Douglas DC-2 and variants


Stan Dudek, Michal Ovččk and Karel Susa


4 plus



Scott Van Aken

Notes:  ISBN 80-902559-8-1

I'm sure we are all familiar with the story of the Douglas DC-3. It was the first truly successful modern airliner and the aircraft that all airliners since have used as a basis for their design.

However, few are really knowledgeable about its predecessors, the DC-1 and DC-2.

As with all aircraft, there was a learning stage and while the DC-1 was a great start, it was somewhat limited in its ability to carry passengers with room for but 12 plus a crew of three. However, the DC-1 was an excellent technology demonstrator and a great plane to use to work out some of the bugs. It was also used by TWA to help train new pilots on its new DC-2 aircraft. Just to let you know how good the DC-1 was, it was a TWA requirement that the aircraft be able to continue to fly on take off if it lost an engine. This meant being able to do it hot and high as one of TWA's stops was Albuquerque, New Mexico. It was successfully able to do just that and immediately won the contract for more planes from TWA.

The DC-2 was quite similar to the DC-1, differing mainly in the addition of two more seats, making it a 14 passenger aircraft. It used the same basic wing and tailplane of the DC-1 with more powerful engines. There were also a much larger number of DC-2s built and the aircraft went on to get production orders from many airlines, including those overseas. The aircraft also saw use in military forces.

The authors have done an outstanding job of telling the story of the DC-1 and DC-2. In fact, it is a much more detailed history than found in some of the other 4plus books and is greatly appreciated. It includes both civil and military operations, including those that were captured by the Germans and used by Lufthansa until parts supplies became a problem, when they were then sold off. The Spanish DC-2s also make for a most interesting story.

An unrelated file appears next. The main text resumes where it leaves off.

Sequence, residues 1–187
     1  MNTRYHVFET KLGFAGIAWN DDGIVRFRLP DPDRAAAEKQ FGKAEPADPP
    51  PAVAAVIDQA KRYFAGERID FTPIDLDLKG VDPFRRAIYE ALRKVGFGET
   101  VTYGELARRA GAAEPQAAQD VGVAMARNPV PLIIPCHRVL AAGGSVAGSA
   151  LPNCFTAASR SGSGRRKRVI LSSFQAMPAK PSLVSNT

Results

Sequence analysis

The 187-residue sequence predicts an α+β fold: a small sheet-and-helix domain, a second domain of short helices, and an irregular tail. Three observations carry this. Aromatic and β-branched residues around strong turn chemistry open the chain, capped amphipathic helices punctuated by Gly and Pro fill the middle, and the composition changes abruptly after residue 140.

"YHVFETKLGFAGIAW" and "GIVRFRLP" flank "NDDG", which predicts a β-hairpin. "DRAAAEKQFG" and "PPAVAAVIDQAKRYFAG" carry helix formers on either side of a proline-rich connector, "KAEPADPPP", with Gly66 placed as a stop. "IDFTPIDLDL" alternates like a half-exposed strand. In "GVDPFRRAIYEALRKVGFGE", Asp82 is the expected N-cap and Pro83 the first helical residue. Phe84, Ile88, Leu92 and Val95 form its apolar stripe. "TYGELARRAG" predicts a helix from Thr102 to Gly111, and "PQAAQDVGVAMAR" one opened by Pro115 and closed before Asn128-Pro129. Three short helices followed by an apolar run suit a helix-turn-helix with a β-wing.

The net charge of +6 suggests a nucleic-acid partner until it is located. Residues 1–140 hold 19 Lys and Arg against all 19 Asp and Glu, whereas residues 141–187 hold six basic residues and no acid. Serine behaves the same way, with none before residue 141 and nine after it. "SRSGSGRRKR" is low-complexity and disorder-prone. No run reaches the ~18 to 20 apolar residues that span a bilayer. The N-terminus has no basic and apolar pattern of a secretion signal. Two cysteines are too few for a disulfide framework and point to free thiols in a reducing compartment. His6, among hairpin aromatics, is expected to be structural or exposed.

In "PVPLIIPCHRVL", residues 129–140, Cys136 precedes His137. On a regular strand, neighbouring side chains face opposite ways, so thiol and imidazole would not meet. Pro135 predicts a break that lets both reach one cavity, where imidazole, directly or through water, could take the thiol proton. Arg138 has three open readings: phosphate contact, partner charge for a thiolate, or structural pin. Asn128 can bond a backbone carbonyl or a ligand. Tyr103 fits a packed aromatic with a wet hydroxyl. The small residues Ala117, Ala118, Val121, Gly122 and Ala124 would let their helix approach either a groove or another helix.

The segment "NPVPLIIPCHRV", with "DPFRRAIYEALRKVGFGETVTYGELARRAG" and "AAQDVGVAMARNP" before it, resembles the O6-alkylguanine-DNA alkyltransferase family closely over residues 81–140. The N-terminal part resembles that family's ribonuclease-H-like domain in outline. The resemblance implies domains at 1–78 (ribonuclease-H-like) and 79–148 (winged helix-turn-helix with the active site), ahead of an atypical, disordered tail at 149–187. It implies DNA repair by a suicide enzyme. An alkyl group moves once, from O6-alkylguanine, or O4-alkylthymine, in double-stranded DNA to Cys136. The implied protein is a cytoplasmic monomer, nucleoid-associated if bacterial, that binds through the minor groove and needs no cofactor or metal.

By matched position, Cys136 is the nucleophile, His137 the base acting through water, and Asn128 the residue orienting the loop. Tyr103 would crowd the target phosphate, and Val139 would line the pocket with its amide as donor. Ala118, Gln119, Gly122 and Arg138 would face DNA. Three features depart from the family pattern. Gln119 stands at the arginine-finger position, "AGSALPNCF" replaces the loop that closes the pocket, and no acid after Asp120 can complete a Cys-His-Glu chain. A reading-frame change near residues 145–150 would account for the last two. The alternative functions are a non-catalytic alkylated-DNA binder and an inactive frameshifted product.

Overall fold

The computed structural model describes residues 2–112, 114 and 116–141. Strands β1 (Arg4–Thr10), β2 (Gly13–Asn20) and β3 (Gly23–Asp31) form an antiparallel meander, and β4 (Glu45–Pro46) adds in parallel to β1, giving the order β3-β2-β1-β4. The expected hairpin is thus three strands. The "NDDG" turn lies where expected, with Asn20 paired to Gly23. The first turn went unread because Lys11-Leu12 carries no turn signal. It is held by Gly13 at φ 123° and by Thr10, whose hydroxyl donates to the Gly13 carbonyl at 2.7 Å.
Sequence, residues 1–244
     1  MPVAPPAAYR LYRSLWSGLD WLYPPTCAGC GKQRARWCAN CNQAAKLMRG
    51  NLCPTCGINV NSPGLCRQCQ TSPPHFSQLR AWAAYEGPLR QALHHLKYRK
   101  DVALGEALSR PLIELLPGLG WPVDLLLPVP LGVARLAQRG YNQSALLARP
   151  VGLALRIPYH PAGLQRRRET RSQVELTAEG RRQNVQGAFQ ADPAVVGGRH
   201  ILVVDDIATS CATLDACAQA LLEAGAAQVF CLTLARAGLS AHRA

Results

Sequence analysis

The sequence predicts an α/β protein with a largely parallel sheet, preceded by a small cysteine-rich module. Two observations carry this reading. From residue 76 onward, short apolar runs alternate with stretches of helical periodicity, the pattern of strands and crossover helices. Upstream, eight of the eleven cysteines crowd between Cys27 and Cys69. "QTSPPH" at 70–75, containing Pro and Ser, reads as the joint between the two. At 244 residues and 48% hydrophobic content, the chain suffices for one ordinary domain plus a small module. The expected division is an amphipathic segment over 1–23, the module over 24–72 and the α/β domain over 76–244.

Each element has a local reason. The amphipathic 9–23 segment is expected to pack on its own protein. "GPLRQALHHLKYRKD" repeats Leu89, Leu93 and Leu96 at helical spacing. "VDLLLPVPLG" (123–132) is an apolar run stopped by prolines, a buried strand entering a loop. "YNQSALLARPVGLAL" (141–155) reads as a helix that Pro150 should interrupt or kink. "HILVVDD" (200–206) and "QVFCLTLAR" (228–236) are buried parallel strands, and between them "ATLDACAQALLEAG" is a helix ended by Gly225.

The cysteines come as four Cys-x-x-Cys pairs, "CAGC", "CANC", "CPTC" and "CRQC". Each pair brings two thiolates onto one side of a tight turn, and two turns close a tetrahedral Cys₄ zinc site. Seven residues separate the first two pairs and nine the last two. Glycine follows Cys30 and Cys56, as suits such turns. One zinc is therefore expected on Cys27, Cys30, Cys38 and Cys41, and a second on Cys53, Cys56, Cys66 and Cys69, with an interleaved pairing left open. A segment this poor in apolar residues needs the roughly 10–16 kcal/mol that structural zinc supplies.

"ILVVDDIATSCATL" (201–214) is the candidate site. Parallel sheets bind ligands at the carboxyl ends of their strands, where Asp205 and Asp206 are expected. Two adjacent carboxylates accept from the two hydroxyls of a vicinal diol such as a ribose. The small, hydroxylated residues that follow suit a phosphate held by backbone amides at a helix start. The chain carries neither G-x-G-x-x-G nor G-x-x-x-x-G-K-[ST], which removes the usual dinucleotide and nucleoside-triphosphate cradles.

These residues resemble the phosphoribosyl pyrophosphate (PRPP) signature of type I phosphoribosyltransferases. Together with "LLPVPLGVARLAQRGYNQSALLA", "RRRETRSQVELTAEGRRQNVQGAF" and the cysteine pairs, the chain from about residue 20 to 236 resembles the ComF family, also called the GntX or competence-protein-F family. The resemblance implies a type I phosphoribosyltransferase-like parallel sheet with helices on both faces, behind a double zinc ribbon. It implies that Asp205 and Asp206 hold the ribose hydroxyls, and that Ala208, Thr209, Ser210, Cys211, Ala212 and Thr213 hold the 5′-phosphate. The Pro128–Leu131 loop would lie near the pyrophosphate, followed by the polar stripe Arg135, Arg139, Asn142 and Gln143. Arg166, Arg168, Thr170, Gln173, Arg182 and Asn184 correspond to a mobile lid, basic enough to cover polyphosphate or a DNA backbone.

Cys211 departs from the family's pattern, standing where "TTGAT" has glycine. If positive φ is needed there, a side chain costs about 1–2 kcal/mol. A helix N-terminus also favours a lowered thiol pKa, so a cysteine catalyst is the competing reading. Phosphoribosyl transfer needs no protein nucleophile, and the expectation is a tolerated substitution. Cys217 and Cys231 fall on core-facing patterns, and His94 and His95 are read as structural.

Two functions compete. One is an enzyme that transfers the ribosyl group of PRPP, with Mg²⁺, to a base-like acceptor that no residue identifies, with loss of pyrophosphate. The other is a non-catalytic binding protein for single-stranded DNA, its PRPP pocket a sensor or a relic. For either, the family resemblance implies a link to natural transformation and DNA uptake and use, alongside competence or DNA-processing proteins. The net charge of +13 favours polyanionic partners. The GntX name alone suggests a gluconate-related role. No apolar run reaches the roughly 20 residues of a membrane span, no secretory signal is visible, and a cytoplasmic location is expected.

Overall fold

This is all further enhanced by detail photos taken from period images and a few from a survivor that is still flying. There are several pages of full color profiles and a page of color photos as well. A complete listing of all DC-2 aircraft and their known history is provided and an excellent set of 1/72 plans make for an outstanding book on this most important aircraft.

Overall, this is a superb book that is both an interesting read and a most complete modeler's reference. One that I can recommend to you without reservation. Your local stockist or hobby shop should be able to order this for you.

Review copy courtesy of 4+. In the US, contact 4+ N.A., 855  Bebout Road, Venetia PA  15367

E-mail: x4plus@fyi.net TEL/FAX: 724 941 8755. To see the full line visit www.4pluspublications.com

November 2006

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